Street Fight

by Nathan Stubbs

Multiple witnesses say Lafayette police officers gave a brutal beating to Guamas restaurant owner Rubens Mesa.

On the evening of Friday, April 8, Regina Baker marked her one-year anniversary as a contract security guard at the senior citizens' Evangeline Apartments on Jefferson Street. Baker regularly interacts with Lafayette police officers while on duty, and has a deep respect for the policemen who patrol downtown on the strip's busy weekend nights. She never could have imagined the scene she watched unfold that Friday night, as a group of cops beat up Guamas restaurant owner Rubens Mesa, smashing his head into a light pole and repeatedly kicking and hitting him.

"This was totally shocking because I've never seen anything like that before," Baker says. "I've never seen someone get beat like that, ever. He just didn't deserve that."

Baker's eight-hour shift was uneventful up to that point, as she made her hourly checks inside of the building. Around 12:30 a.m., she made a check outside the building and started talking to 69-year-old tenant John Boutte, who often sits underneath the apartment complex's awning on the Jefferson Street sidewalk.

As the pair made small talk, they watched a dispute unfold in front of neighboring Guamas restaurant involving two policemen. Sgt. Dwayne Prejean and officer Michael Boutte were reportedly following recent department directions to enforce an old state law for "obstructing public passages" that forbids some downtown bars and restaurants from serving patrons at tables on the sidewalk outside their building.

After Guamas' management resisted moving its tables inside, one customer, Tyler Guilbeau, made a remark that the police had nothing better to do than harass businesses about their al fresco tables. Guilbeau was arrested for disturbing the peace.

His arrest upset several members of Guamas' staff who were friends of Guilbeau's and felt his arrest was unreasonable, including owners Rubens Mesa and Julieta Tarazona. Baker says she heard Tarazona say, "It's a free country, and you can't even say a comment and they're going to arrest you."

Baker walked up within 12 feet of the officers, and she and Boutte say they saw Tarazona approach the policemen, who were standing near the corner of Vine and Jefferson streets in front of the Evangeline Apartments. Mesa also came out to check on Tarazona, his wife. Tarazona said something to the police, and then she and Mesa turned around and began walking back to the restaurant. "Then the cop said, 'You're under arrest,' and went and grabbed [Tarazona]," Baker says.

"It happened so quick," says Boutte. "I don't know what that lady could have done." Police charged Tarazona with remaining after forbidden and disturbing the peace.

According to witnesses, after his wife's arrest, Mesa turned and questioned the police. "Mr. Mesa's standing right there, and he turns around and says, 'What's going on?'" Baker says. "He's standing there and then four cops rush him, and they throw him up against the lamppost right there, and they're holding him." Baker says one of the officers pushed Mesa by his chin and slammed the back of his head against the tall green lamppost on the corner of Jefferson and Vine streets and then forced him to the ground.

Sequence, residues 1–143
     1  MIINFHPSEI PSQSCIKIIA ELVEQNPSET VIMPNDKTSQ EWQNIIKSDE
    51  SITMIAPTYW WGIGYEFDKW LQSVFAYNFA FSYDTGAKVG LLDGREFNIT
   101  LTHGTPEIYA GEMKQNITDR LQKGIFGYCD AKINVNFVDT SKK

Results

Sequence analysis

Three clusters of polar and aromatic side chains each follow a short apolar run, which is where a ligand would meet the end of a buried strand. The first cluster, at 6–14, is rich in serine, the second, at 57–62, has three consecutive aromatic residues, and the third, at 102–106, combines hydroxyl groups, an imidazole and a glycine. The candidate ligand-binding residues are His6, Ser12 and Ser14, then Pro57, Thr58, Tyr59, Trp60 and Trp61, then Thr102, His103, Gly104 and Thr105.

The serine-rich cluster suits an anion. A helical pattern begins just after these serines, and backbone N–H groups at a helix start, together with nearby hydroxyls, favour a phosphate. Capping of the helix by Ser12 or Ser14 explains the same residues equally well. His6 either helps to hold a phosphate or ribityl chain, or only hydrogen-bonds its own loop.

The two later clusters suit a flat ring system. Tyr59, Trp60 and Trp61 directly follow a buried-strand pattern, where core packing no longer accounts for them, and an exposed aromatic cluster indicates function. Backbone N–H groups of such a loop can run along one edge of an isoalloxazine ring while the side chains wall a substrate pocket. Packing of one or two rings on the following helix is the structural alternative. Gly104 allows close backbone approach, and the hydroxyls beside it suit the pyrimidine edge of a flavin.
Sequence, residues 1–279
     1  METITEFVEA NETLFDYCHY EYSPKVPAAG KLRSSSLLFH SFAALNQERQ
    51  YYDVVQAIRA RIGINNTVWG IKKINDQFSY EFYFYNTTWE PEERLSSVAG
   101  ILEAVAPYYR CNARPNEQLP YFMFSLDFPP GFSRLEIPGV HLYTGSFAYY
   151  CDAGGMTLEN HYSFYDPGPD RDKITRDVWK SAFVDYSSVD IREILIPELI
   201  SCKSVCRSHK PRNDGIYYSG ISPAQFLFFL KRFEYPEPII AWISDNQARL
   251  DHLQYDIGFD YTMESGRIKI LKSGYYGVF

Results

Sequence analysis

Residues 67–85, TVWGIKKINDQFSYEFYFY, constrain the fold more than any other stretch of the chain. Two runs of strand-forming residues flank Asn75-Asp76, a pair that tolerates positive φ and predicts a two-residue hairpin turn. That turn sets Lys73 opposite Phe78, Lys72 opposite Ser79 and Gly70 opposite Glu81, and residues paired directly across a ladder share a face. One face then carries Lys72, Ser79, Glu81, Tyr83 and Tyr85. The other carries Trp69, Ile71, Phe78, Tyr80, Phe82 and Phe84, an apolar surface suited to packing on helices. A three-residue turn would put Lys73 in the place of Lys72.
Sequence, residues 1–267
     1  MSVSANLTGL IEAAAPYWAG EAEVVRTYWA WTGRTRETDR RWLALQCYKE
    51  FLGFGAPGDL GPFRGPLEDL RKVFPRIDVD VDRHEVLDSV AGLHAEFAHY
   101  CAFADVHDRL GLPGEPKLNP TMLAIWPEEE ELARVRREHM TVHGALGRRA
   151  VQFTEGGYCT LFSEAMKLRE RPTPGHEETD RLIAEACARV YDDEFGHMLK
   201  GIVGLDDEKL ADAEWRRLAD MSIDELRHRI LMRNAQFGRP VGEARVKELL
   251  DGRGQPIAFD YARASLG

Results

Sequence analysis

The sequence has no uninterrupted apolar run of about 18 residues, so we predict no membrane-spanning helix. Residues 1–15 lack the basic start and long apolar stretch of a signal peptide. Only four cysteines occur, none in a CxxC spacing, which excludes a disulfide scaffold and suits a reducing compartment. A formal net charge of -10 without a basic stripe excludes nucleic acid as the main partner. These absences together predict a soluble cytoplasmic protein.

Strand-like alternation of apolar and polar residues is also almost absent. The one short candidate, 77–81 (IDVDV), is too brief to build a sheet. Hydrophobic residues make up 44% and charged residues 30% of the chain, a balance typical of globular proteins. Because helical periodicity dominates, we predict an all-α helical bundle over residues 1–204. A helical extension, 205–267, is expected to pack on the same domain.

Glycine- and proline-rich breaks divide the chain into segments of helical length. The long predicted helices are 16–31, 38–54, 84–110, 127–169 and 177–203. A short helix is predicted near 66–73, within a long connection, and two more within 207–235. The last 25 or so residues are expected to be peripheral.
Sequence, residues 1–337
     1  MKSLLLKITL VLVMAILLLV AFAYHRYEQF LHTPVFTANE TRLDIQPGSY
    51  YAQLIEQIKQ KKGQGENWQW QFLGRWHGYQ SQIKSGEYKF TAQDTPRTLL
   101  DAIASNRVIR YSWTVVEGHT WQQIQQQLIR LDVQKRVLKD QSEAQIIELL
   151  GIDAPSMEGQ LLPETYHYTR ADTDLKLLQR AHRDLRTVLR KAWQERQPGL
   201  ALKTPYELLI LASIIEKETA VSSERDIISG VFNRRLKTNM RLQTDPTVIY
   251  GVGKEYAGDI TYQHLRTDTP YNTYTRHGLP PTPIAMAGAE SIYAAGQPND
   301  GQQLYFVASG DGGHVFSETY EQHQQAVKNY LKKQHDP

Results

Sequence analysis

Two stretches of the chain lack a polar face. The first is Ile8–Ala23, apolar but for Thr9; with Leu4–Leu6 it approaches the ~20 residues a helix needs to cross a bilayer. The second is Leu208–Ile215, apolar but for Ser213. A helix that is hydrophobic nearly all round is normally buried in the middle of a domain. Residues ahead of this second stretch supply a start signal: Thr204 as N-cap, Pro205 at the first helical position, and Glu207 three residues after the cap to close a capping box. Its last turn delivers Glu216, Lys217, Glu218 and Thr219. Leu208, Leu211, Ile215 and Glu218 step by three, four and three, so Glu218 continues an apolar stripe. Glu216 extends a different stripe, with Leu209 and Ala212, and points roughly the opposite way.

At this point, backup police officers arrived. Baker and Boutte say at least five police officers converged on Mesa, a 35-year-old Cuban immigrant of medium build.

Baker says the police pinned Mesa face down on the ground and began beating him while his wife, in handcuffs and on her knees, looked on screaming, "You see this! You see this!"

Lafayette Police Department Public Information Officer Mark Francis tells a different version of the story. He says that both Mesa and Tarazona were drunk and using foul language, and Mesa pushed one of the police officers. "You don't just strike a police officer, and go about your business," Francis says. "The guy struck a police officer and he was taken to the ground, and he received some injuries in the process of being arrested. It's so unfortunate that the individuals involved would choose to take on the officers in an intoxicated state." (Francis refused to say whether Mesa and Tarazona were given sobriety tests before or after their arrests.)

Mesa was charged with remaining after forbidden, resisting an officer, disturbing the peace, battery of a police officer and obstructing public passages.

However, Baker and Boutte say they never saw Mesa push or strike an officer. "He did not have time," says Baker. "They rushed him, threw him up against the post and then they just fell to the ground and start wailing on him. He didn't resist, and I've seen people [who did] resist before and they didn't do to them what they did to [Mesa]."

Boutte also witnessed what he says was excessive force by the police. "They were really beating [Mesa], and he kept hollering, 'What have I done? What have I done?'" Boutte says. Other witnesses, including several members of Guamas' staff, at least one of whom reportedly took pictures of the altercation with a cell phone, all declined to comment. Tarazona and Mesa also refused comment.

Boutte and Baker say police repeatedly said "stop resisting" as they were punching Mesa.

"[The police officers] were all on top of him," Boutte says. "I don't know if he had a chance to raise his hand, but they were really beating him. I was crying so much because I felt so sorry for that man. I know his face was bloody when they did pick him up to put him in one of the cars."

Baker's boyfriend, who requested anonymity for this story because he has family members in the police department, says he had just ordered a beer at Froggy's bar across the street when he saw the flashing police lights outside. When he walked outside to see what was happening, he also saw police officers slam Mesa against the light post and then take him down and beat him.